Why we love it The richness of the surrounding environment, made up of rocky shorelines and pristine white beaches. Denizens of this region include the African Black Oystercatcher, an endangered bird species. There’s a dense kelp bed just offshore; one of the many giant kelp forests that the Kommetjie shoreline is known for.
Cost Soetwater Resort entrance fee: R14 (adults); R7 (children, age 6 – 11 years)
Where to find it South of the Slangkop Lighthouse, below the coastal road leading from Kommetjie to Scarborough.
7. Wooley’s Tidal Pool, Kalk Bay
One of Kalk Bay’s plethora of pools, Wooley’s may not be as big as Dalebrook or St James, but it has its own merits. The addition of a smaller pool, tucked away in the corner of the larger tidal pool, provides a unique touch. Younger children can paddle around in the smaller section, while more experienced swimmers take a dip in the deep end. The flat rocks next to the pool are a nice spot to sit and watch the waves crash against the shore, but be careful traversing them, as they become slippery due to the persistent watery onslaught.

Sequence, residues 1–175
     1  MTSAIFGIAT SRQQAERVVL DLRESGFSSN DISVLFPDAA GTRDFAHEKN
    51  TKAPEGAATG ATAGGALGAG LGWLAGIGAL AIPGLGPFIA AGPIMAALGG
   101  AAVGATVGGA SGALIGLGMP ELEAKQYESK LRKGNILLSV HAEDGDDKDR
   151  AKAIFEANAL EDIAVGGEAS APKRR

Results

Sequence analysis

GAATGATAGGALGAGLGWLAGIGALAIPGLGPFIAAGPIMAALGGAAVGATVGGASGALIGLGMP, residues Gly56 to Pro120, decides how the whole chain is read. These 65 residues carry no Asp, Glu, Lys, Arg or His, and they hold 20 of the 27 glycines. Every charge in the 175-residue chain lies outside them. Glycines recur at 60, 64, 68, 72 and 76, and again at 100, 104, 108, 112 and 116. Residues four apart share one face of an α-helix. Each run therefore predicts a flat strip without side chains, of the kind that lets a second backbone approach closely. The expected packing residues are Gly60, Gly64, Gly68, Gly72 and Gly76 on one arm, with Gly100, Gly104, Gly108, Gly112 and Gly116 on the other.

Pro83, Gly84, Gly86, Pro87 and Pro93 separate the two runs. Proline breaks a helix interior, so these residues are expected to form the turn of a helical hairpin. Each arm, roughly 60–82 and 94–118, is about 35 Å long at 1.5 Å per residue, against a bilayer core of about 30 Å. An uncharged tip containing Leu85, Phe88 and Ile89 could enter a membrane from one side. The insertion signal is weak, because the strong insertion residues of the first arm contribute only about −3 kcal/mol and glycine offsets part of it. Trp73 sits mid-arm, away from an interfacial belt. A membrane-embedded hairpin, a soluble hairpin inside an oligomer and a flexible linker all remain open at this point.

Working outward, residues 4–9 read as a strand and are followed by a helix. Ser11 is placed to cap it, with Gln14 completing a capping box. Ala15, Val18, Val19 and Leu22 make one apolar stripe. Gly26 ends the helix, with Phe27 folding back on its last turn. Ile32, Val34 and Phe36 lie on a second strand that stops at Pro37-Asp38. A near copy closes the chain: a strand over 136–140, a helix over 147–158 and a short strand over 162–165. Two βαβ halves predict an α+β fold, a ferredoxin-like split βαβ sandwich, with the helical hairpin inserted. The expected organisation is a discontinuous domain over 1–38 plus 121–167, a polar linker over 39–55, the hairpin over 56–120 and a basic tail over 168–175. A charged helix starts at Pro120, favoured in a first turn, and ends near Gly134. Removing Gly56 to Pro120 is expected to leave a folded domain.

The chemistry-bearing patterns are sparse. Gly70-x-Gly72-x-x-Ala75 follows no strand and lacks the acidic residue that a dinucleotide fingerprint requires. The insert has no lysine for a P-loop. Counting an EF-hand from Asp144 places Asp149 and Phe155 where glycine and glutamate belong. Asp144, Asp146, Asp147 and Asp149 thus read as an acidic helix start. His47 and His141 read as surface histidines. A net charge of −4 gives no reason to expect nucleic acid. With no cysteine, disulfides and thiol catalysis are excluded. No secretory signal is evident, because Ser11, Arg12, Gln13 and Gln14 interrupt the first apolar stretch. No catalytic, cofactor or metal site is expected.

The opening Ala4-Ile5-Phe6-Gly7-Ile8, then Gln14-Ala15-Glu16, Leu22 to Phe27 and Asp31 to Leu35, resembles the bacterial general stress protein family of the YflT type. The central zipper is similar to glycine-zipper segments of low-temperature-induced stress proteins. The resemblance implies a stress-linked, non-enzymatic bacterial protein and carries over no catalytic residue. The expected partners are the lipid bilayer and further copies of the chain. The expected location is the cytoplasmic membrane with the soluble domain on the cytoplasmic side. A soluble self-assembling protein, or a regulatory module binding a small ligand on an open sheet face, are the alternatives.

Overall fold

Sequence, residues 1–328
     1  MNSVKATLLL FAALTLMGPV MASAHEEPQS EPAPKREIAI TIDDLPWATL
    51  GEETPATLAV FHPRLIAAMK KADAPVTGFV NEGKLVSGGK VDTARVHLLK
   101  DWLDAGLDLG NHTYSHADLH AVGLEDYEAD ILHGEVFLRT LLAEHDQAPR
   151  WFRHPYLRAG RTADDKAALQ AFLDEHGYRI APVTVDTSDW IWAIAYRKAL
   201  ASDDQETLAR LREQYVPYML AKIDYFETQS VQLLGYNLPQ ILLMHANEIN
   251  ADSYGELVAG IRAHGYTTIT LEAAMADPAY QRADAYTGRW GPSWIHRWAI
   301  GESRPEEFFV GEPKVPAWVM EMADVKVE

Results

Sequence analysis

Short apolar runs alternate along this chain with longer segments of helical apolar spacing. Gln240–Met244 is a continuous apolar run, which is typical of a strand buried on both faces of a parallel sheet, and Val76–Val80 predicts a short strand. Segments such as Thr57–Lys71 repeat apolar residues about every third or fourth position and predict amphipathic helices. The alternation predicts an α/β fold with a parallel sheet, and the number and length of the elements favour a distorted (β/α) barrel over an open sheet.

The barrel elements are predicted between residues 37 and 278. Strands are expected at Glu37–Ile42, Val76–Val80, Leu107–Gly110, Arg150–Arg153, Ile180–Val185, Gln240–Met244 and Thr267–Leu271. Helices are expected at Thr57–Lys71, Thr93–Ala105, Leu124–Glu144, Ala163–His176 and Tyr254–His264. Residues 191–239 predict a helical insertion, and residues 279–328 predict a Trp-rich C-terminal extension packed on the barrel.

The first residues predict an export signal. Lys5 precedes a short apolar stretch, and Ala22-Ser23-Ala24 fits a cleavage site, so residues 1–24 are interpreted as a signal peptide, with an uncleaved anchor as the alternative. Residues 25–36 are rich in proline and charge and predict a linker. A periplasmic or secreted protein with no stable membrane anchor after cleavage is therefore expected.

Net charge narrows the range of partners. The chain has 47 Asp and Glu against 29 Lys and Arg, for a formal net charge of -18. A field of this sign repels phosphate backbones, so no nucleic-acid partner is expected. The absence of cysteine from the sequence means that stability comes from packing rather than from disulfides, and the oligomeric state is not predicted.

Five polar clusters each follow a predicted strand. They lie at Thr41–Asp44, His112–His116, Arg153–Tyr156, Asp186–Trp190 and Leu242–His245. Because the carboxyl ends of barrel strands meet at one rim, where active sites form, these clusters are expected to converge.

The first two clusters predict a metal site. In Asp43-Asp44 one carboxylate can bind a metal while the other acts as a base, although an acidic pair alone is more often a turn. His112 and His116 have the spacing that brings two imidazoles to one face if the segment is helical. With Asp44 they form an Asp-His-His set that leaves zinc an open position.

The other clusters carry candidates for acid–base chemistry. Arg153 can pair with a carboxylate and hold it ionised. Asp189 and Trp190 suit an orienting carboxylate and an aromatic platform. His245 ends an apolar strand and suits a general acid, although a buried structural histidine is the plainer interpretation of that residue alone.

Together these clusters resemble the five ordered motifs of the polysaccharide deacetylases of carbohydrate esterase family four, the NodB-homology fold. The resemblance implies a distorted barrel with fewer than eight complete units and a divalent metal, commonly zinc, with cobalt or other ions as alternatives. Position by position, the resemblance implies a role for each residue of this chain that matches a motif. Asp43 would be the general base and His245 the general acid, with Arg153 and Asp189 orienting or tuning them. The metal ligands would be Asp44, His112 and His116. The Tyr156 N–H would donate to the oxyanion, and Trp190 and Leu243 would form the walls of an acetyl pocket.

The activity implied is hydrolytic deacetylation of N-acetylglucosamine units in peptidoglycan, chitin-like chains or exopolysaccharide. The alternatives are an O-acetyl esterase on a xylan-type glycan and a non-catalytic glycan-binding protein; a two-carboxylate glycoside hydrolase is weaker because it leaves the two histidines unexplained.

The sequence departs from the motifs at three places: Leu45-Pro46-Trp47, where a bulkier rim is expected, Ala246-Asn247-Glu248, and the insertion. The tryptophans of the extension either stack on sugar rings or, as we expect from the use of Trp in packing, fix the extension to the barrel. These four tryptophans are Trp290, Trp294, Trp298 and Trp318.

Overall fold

Why we love it Like Dalebrook, Wooley’s is easy to miss, and thus provides a less crowded alternative to the popular St James Tidal pool (although it does draw more visitors during holidays). It’s smaller and more cloistered than its Kalk Bay siblings, so parents may feel more confident about bringing younger children here, although be sure to keep them off the slippery rocks.
Where to find it Beneath the coastal road between Kalk Bay and Clovelly. You can access it via a staircase that passes under the railway line.